Eden and Canaan are earthly projections that both reveal yet veil the glory of the heavenly dwelling place of God. Had Adam passed probation, he would have been translated into the highest heavens in the presence of God where he would enter Sabbath Rest (Genesis 2/Ez. 28:14 and the mountain of God). When Christ finished his wilderness sojourn, he ascended into that very reality of Sabbath Rest—rest the first Adam did not enter (Heb. 1:3; 8:2, 5; 9:23–24; 10:12; 12:24; 4:9–10). Christ, as ascended, has entered rest—a rest he in the process of conferring on the church in this age (4:3) and will bring to consummation in the age to come (4:9–11).
The whole point of the land of Canaan in Hebrews—the way it relates to this big-picture creational concern—is that it was a place of rest (Psalm 95:7–11 is quoted in Hebrews 3:7–11). Israel was seeking to leave the wilderness and enter into the “rest” of God in Canaan. Canaan was a local, earthly expression of a corresponding heavenly Sabbath Rest (95:11/Genesis 2:2 as the two theme texts in Hebrews 3 and 4).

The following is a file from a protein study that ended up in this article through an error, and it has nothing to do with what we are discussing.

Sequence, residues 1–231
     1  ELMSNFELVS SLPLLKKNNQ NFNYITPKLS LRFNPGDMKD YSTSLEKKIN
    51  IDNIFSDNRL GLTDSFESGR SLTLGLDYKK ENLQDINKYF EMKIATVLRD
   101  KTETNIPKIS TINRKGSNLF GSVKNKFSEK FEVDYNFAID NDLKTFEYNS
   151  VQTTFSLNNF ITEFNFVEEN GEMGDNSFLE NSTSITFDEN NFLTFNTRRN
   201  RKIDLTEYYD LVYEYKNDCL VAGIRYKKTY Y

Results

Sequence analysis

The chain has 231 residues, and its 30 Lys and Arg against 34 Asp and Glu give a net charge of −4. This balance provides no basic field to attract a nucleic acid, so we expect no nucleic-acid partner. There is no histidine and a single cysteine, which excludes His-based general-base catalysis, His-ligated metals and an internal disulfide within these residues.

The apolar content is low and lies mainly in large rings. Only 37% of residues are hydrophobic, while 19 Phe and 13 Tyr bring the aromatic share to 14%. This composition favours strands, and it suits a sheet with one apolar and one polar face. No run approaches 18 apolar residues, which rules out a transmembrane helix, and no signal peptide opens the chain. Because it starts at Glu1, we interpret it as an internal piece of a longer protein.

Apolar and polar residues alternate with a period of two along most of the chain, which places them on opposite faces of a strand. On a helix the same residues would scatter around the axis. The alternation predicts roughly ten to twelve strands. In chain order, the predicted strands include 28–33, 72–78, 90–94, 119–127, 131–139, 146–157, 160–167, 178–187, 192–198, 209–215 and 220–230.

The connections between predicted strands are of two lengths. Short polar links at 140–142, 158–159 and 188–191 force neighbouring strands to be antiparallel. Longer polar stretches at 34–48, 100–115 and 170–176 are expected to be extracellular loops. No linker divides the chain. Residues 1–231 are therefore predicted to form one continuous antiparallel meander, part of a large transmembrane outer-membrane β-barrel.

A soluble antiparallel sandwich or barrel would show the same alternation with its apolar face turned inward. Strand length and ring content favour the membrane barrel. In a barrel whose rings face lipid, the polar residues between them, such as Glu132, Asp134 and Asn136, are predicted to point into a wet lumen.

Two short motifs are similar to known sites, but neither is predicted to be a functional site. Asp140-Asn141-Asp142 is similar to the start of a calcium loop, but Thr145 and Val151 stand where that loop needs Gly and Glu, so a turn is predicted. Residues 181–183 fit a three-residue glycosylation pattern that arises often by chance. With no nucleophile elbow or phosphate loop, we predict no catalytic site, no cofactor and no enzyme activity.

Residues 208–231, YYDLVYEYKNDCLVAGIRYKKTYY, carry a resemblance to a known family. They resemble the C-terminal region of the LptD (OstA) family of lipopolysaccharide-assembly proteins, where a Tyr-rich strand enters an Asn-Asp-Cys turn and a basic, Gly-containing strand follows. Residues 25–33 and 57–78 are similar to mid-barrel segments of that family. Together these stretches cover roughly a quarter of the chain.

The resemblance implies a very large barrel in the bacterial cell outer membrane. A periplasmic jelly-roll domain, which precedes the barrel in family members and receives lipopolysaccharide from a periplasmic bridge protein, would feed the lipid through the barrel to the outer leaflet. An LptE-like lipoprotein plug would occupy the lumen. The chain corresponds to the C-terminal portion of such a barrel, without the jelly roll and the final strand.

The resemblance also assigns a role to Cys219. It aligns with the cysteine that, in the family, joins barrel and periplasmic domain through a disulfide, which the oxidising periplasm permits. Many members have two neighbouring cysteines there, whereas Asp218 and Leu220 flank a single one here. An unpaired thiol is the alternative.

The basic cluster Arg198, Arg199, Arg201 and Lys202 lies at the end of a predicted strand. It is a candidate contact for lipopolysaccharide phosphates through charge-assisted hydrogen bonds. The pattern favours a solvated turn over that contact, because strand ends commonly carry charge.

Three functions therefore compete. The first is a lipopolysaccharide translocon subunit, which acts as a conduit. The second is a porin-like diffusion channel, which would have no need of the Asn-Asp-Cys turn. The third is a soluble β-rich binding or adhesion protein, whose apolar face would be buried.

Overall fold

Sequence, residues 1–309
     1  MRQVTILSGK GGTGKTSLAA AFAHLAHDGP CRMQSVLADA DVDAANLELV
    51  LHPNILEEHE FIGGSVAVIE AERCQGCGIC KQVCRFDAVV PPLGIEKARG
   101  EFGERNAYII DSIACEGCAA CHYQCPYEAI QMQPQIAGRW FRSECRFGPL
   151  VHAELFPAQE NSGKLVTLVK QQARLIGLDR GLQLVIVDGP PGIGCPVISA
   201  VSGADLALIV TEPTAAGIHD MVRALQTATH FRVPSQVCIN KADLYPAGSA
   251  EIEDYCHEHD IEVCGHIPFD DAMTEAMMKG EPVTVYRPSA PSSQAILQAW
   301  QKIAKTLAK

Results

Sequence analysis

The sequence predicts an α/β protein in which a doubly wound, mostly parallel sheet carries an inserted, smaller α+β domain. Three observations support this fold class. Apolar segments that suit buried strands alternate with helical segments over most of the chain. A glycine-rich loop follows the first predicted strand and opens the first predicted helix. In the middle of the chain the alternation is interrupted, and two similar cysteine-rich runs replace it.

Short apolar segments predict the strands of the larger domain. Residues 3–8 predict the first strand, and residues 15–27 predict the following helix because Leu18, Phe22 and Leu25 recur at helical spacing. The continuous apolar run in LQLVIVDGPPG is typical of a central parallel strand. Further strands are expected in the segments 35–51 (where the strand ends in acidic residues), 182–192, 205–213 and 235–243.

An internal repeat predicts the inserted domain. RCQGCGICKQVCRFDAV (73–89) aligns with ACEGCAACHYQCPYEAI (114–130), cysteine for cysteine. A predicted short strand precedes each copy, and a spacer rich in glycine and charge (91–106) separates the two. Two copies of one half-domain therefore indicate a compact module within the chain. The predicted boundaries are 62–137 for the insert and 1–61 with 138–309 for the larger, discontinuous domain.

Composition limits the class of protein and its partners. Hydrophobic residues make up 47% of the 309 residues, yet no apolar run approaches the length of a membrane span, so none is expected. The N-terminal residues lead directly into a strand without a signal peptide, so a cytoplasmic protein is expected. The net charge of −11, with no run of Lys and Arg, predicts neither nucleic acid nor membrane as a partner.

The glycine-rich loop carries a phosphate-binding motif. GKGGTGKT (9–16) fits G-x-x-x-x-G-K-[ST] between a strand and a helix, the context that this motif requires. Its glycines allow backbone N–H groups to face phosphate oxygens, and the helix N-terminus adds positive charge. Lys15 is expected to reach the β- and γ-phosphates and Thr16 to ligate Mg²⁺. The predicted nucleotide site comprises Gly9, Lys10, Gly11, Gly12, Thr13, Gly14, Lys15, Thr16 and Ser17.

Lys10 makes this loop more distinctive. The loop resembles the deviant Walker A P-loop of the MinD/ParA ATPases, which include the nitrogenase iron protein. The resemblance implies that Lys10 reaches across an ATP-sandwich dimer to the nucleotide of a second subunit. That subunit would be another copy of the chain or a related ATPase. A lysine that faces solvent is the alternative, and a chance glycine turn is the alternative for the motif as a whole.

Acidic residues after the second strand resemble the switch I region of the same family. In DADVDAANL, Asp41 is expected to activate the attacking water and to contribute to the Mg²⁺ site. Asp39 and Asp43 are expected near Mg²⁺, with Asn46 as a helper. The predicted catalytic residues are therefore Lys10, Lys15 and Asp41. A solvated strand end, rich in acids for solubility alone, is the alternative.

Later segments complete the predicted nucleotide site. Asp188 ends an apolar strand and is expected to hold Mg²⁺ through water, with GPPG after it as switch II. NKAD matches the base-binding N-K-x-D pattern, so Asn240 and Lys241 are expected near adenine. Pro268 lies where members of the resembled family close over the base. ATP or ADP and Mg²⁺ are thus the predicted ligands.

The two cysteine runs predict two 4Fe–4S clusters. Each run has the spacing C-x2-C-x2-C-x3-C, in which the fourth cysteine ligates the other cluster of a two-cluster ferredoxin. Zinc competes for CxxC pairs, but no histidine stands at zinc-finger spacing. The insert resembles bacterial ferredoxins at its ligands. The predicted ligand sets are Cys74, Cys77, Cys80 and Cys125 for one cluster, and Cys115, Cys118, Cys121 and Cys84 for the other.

Canaan was an earthly type of Sabbath Rest, and some in Israel failed to enter the earthly typical land of rest because they lacked faith in the promised Messiah (Heb. 3:19). In a parallel way, the author of Hebrews grounds his exhortation that the church in this age press on to Sabbath Rest by faith in the ascended Messiah, so that none of us fail to enter that Rest.
- Dr. Tipton’s lectures at the Amarillo Reformed Fellowship
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